Trans actions

There can only be real change for transsexuals at work when they are equal in the eyes of the law. Rachel Crasnow reports

Since the Human Rights Act (HRA) came into force in 2000, many claims for the right to a private life have been staked in the courts. The extent to which a private life is maintained in the workplace has long been a contentious issue. One group whose privacy rights remain unclear are transsexuals. Even after going through the long process of gender reassignment, they remain at threat of discrimination due to a lack of legal recognition of their new status.
There have been significant advances in the prohibition of discrimination against transsexuals in employment. The Sex Discrimination (Gender Reassignment) Regulations 1999 brought the protection of the Sex Discrimination Act (SDA) to those who are undergoing gender reassignment, who plan to undergo it or have undergone it.
However, the law preventing transsexuals from marrying in their reassigned gender, or from changing their birth certificates, permits discrimination as it ties transsexuals to their former gender. The detriment that the present state of the law causes to individuals is demonstrated in two recent employment law cases.
In KB v NHS Trust Pensions Agency and Secretary of State for Health (2000), the Employment Appeals Tribunal (EAT) found that an NHS pension scheme did not unlawfully discriminate against a woman whose transsexual partner could not benefit from her pension if she predeceased her partner. The reasoning for the decision was that in light of the decision of the European Court of Justice (ECJ) in Grant v South West Trains (1998), European Law did not require member states to treat people who were in a relationship but unable to marry as equivalent to those who were married.
It was only because the transsexual partner remained a biological female under UK law that the couple were unable to marry. This case went to the Court of Appeal which referred it to the ECJ. The Luxembourg court has had to consider whether transsexuals are entitled to pension benefits under Article 141 (formerly Article 119 of the Treaty of Rome). Judgment has not yet been delivered.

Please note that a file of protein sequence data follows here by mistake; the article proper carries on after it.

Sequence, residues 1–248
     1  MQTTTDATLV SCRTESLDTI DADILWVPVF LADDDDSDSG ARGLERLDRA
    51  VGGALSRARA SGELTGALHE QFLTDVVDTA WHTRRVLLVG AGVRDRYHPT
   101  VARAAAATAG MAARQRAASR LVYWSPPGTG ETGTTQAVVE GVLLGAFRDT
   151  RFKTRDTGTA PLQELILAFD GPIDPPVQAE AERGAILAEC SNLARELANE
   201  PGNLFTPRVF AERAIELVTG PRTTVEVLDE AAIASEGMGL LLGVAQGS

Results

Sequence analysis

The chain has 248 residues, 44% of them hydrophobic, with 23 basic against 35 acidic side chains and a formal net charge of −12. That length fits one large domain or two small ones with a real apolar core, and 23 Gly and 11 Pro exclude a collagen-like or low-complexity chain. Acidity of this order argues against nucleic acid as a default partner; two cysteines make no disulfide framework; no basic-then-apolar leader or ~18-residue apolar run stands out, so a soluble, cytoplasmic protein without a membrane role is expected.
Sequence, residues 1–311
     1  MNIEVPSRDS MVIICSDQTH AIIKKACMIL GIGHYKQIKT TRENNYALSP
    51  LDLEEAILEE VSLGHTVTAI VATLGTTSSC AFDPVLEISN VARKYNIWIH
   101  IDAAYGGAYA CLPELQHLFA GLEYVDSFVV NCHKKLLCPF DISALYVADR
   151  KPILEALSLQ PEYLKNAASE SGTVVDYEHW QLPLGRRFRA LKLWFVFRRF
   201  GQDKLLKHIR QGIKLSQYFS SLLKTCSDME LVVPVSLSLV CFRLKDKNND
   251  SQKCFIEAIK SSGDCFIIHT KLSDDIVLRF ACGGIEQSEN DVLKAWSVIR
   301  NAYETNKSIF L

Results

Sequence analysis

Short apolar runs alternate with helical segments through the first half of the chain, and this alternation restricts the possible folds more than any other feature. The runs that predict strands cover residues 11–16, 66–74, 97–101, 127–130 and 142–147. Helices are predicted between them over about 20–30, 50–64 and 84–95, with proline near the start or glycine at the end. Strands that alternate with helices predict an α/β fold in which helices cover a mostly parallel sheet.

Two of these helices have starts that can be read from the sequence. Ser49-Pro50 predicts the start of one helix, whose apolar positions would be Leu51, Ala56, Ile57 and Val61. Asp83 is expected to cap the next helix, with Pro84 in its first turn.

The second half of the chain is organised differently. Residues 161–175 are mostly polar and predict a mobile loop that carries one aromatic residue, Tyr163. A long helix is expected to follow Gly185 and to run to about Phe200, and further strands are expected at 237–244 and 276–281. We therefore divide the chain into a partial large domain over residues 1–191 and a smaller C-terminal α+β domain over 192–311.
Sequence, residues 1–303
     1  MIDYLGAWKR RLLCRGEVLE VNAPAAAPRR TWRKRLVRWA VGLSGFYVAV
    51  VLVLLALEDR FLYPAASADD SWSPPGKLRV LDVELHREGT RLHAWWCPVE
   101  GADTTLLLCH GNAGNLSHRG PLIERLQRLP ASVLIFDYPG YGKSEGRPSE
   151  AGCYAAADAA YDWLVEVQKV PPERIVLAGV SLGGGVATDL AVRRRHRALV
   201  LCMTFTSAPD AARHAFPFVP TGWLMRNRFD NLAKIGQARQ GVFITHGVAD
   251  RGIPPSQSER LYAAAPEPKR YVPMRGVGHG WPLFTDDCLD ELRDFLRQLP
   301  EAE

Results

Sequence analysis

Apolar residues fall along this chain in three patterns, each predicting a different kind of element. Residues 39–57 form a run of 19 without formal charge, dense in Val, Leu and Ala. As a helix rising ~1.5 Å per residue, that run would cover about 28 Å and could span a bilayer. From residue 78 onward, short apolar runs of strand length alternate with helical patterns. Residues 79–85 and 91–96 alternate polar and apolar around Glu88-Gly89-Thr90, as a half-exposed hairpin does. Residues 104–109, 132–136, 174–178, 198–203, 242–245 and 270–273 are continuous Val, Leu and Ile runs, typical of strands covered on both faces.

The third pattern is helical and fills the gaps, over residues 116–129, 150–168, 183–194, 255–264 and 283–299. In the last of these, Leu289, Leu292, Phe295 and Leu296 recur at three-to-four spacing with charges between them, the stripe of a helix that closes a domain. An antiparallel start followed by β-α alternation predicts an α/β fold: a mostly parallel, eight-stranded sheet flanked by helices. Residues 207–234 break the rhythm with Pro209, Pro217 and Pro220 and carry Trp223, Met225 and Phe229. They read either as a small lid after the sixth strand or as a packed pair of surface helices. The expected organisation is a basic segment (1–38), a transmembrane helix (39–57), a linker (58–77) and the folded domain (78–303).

In Chief Constable of West Yorkshire Police v A & Secretary of State for Education and Employment (2002), the EAT held that the law against transsexuals joining the police force was not contrary to the SDA. The law requires that certain searches be conducted by members of the same sex as the person to be searched. A was a male-to-female transsexual. She was not permitted to carry out searches on women, as in the eyes of the law she was still male. This was because, according to the decision in Corbett v Corbett (1970), gender was fixed at birth. The court said that any change had to be made by Parliament and Parliament should consider the matter.
Despite this unsatisfactory state of affairs, the outcome of the cases of Goodwin & I v UK and Bellinger v Bellinger (2002) could have a fundamental impact on transsexuals' right to amend their birth certificates or marry a person of the same sex as they had been at birth.
Christine Goodwin is a transsexual who took her case to the European Court of Human Rights in March 2002. Her representative, Laura Cox QC of Cloisters, argued that the UK has failed to respect her right to a private life and discriminated against her by refusing to provide her with a new national insurance number. Goodwin's complaints include being denied the right to marry.
If the Strasbourg court accepts Goodwin's arguments that her rights under Articles 8, 12 and 14 of the European Convention on Human Rights have been breached, the UK Government would be under tremendous pressure to act to recognise transsexuals' post-operative sex.
It is hoped that the case will force the UK to give legal status to transsexuals. The only other countries in the Council of Europe that still do not recognise sex changes as legally valid are Andorra, Albania and Ireland.
The Government has done nothing in the way of even considering reforming the legal status of transsexuals since April 2000. The relevance of this inaction is that there is only so long that the UK can sustain its position in Strasbourg by reliance on the margin of appreciation.
The Government's inaction was criticised by the Court of Appeal last year in the case of Bellinger v Bellinger, a pre-HRA case, where a transsexual woman failed to get her 20-year marriage to a man recognised as valid. The Appeal judges said that Mrs Bellinger would have to wait for the law to be changed by Parliament and added that they were dismayed that nothing at all had been done by the Government.
The House of Lords is likely to hear Bellinger's appeal this year. If she or Goodwin succeed, the quality of transsexual's working lives will undoubtedly improve. A change in the law is long overdue.
Rachel Crasnow is a barrister at Cloisters and is co-author of Employment Law and the Human Rights Act.